By Claire Aitchison, Cally Guerin and Susan Carter

Following directly from the IDERN Conference we three editors were lucky enough to stay on and attend the International Academic Identities Conference which was convened by A/Professor Machi Sato of the Research Institute for Higher Education (RIHE) and hosted at Hiroshima University, 19-21 September.

Hiroshima Peace Park
Image by Cally Guerin

The location was a fitting reminder of the historical significance of Hiroshima for global peace, and the conference theme, ‘The Peaceful University: Aspirations for academic futures – compassion, generosity, imagination, and creation’ prompted a reconsideration of academic priorities and challenges.

The focus on identities fostered a wide range of theorisations and explorations of practices, hopes and aspirations for academic work and for students, including inspirational presentations for contesting the challenges arising. While there were relatively few presentations with a particular emphasis on academic or doctoral writing, it was remarkable how, despite significant cultural, historical and contextual differences, there was a common recognition of the impact of marketisation on our academic lives and options as writers.

The three keynotes, Prof Takashi Hata (Hiroshima University), Dr Swee Lin Ho (National University of Singapore) and Prof Bruce Macfarlane (University of Bristol) explored implications for institutions, their workers and students from changes in contemporary higher education. These shifts arising from powerful global forces such as marketisation, mobilisation and globalisation, and changing societal demands for alternative ways of engaging in learning and education, potentially challenge academic freedoms and students’ rights. The ideas raised in the keynotes resonated across the 3 days of papers, symposia and performances that unpacked evolving academic identities in times of accelerating change, precarity and disruption.

One reoccurring theme related to how academics can respond to the ‘push to publish’. For example, Cecile Badenhorst and Heather McLeod from Memorial University, Canada, spoke about their writing group’s experiences of sharing peer review received from journal reviewers. Their paper was a refreshingly forthright exploration of the impacts of isolation and of the ‘unexpected agency’ that comes from opening up the potentially damaging reviewing process within trusted collegial circles. In another paper, Cecile and Heather explained how their creative ‘hobbies’ energised their ability to write more productively—thinking and being nourished through art-work meant renewed enthusiasm for academic writing.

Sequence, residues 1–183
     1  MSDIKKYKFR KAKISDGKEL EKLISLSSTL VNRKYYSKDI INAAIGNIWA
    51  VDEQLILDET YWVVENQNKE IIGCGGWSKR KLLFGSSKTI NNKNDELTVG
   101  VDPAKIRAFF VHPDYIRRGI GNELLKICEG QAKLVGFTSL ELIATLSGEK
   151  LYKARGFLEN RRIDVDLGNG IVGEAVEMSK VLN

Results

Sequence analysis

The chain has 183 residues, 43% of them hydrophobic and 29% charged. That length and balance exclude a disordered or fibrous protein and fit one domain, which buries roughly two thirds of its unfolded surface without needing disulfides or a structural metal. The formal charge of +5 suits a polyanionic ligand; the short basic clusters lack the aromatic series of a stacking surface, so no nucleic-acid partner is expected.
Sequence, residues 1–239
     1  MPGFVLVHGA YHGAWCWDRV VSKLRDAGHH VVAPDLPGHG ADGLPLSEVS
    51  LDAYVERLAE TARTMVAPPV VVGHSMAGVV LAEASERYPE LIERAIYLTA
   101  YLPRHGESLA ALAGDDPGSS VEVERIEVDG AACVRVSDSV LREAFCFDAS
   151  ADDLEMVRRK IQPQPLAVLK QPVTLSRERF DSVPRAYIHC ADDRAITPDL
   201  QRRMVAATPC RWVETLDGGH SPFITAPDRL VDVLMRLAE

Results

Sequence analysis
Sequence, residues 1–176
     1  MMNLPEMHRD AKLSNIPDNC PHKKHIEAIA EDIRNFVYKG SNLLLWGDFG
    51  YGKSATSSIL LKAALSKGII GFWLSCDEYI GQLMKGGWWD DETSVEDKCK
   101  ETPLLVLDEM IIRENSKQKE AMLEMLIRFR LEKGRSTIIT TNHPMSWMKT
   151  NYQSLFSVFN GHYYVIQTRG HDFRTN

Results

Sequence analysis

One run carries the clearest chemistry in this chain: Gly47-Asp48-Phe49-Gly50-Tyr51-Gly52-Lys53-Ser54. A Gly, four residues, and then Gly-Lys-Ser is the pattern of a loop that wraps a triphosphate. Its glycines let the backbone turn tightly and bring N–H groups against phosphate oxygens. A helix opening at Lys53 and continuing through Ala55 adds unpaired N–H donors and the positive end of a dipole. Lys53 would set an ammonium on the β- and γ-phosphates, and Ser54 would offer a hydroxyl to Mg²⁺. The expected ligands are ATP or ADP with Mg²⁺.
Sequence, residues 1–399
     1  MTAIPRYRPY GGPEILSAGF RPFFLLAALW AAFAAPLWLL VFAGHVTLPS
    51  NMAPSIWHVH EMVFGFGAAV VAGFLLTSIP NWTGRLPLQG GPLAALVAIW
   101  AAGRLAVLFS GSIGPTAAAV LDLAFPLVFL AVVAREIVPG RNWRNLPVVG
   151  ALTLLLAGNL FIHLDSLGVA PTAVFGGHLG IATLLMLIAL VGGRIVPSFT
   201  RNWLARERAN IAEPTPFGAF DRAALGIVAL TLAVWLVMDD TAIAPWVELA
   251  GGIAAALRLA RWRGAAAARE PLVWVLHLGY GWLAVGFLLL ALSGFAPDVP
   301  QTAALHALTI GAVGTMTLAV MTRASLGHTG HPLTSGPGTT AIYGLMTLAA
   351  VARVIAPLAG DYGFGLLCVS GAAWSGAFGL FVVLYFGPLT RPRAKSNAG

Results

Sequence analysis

A symposium of three papers on doctoral thesis acknowledgments (research funded by RIHE) drew from studies in three countries: Australia, New Zealand and Japan. Catherine Manathunga (University of the Sunshine Coast, Australia), Fran Kelly (University of Auckland, New Zealand) and Machi Sato (Hiroshima University) explored the spatial and epistemological elements of acknowledgements in theses from 1980. Framed by a postcolonial reading, we saw how crucial a sense of place can be for doctoral candidates. Cally Guerin (University of Adelaide) talked about her research on acknowledgments written in 2017 at an Australian university, tracing the spatial metaphors of guidance on the doctoral journey, and demonstrating the centrality of sociality in the success of the doctoral project. Barbara Grant (University of Auckland) and Machi Sato then took up the story of contemporary acknowledgment writing in New Zealand and Japan, identifying not only the human elements, but also the non-human, such as bicycles and the campus cat.

Anthony Paré (University of British Columbia, Canada) delivered a writing-related session, mostly critiquing the way we reference other authors in the field. Building on perspectives from rhetorical studies as experienced in the North American context, Anthony demonstrated the role of conflictual rhetoric for creating uncollegial academic writing. He showed how widely used ‘tricks’ such as straw man arguments, self-promotional rhetorical structures, and failure to mention or under-represent others’ contributions were objectionable.  Anthony pointed out how such practices are destructive and dishonest. Instead he proposed, a ‘generous rhetorical scholarship’, calling for more principled academic writing practices.

Susan Carter (Auckland University) gave a paper seeking to push notions of identity, imagination, creativity and ensoulment when thinking about academic development.  In terms of doctoral writing, her message (and in-session exercises) was to push doctoral writers to be more aware of their own strengths and perspectives so that they can write with a more confident voice.

Two papers explored how academics create identity through what they wear. Emma Davenport (London Metropolitan University) theorised the messages conveyed by clothing as political, artistic and narrative, while Frances Kelly (University of Auckland) itemised her own wardrobe and revisited the meaning of her clothing through the memories of choosing, buying and wearing. These two sessions reminded us that we have previously explored the metaphorical link between doctoral writing, clothing and voice. Could doctoral writers consider how their writing is similar in style to what they wear?

As always with conferences, there were some excellent papers we missed even with three of us to cover the parallel sessions. After such a stimulating conference, we are open to ideas of identity as they relate to doctoral writing. If you have an idea for a post, please get in touch.